Sabo dedicates time and effort in each photo, putting in hours of study for a location before setting foot on the ground. The more prepared, the more he can allow himself to focus on what’s happening in the moment, he said.
“I don’t allow myself to get caught up in the technical aspect when I’m out in the field,” Sabo said. “In other words, my camera has been with me for a long time and my skillset has been with me for a long time, and when I get into the field I want to blend and merge into that environment. I don’t want to be thinking about it and I don’t want to be bothered with focus points or what type of metering system I’m using or what have you.”
He may shoot at the same spot for multiple days to get everything just right, going back again and again hoping for the light to fill the scene in just the right way. Some of his best works have been one of hundreds of photos of the same subject, he said.
“You’re going to be a better photographer to work the image,” Sabo said. “… Even if you think you’ve got the right angle, you should still be taking 10 or 15 or 20 shots because you may not have the right angle, or you may like it vertically instead of horizontally, or you may like it from left or right, or you may like the back end of it because it’s silhouetted against the sun and that makes it all dark.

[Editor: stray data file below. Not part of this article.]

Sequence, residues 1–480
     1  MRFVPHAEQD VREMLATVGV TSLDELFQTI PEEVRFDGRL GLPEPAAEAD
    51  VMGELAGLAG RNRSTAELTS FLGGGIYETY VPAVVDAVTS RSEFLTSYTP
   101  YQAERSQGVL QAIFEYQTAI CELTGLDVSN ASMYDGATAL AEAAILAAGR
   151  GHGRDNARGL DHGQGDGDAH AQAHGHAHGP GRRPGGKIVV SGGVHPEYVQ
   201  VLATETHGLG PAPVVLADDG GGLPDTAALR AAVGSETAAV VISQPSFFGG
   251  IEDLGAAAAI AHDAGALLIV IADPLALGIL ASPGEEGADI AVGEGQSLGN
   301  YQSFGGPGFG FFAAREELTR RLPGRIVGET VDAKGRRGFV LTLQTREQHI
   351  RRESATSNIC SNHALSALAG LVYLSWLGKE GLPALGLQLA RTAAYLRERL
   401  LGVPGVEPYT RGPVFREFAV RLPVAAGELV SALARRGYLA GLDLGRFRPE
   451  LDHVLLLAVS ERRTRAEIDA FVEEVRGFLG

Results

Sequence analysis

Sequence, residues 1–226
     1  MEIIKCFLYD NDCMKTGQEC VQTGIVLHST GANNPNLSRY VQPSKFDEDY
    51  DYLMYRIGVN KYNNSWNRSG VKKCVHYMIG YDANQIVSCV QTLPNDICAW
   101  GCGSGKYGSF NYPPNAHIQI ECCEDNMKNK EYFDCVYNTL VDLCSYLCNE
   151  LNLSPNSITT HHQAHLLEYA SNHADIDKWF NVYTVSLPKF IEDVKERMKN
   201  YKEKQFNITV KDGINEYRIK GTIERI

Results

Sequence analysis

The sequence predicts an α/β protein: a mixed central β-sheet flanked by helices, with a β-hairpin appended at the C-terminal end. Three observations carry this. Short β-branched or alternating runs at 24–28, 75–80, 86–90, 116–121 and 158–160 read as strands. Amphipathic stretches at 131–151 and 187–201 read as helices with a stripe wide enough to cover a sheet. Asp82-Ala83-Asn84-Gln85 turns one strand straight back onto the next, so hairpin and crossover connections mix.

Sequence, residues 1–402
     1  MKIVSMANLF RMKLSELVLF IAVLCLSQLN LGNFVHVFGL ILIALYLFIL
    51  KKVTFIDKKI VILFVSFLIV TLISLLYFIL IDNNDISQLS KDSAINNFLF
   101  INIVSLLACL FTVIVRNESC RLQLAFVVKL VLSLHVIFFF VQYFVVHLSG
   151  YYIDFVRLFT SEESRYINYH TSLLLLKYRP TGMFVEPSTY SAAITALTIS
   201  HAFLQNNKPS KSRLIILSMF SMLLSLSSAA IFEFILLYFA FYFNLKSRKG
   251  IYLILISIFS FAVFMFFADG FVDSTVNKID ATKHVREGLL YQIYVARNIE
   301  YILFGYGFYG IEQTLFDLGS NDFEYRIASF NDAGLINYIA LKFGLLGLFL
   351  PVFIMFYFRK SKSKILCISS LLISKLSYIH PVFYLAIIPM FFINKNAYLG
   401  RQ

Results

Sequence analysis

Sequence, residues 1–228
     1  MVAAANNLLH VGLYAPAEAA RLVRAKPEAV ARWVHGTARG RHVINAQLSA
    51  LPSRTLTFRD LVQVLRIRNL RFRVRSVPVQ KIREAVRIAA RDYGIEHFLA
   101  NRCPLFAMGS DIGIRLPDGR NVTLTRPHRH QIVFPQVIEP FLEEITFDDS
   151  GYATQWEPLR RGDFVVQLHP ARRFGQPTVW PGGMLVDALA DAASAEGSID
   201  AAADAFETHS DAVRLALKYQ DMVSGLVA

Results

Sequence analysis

“So definitely take a lot of pictures,” he added. “Don’t take the one and done because if the one and done isn’t right then when you get home and look at it at 100 percent and say, ‘Oh shoot, it’s not as sharp as I wanted it,’ well, that’s your only picture.”
Sabo, who starts a beginner’s photography workshop Wednesday and will teach a landscape photography workshop Sept. 20 and 27, tries to stress patience and taking more photos than you think you need.
Bill Tuberville, has enjoyed several one-on-one classes with Sabo. Tuberville has learned not only the technical side, but photography as an artform.
“He really opened my eyes to a lot of things I could do artistically with photography,” Tuberville said. “… He’s a good teacher.”
Sabo has been a “great influence” for Tuberville, who picked up photography as a hobby in retirement.
“I think a lot of people are just looking to take pretty pictures and you can sure learn that from him,” Tuberville. “I guess I was into a little bit more. … I spent a lot of time cultivating my artistic side since I retired and we really connected on that level.”
For Sabo, teaching photography workshops is simply about giving people the tools to express themselves with a photo. He doesn’t expect anyone to shoot the same way he does, only to be knowledgeable enough about how a camera works to do things the way they want.
“I don’t get the time anymore that I would like to teach, but when I do teach it’s passion versus money,” he said. “I’m as busy as I can be doing this, but I love to teach because I love to give back.”
Sabo also continues to learn. He plans to experiment with shooting through different glass textures in the near future and also tries to find different ways of seeing the world.
“If you don’t feel like you can experiment and do your own things then I don’t think your art is going to continue to grow,” he said.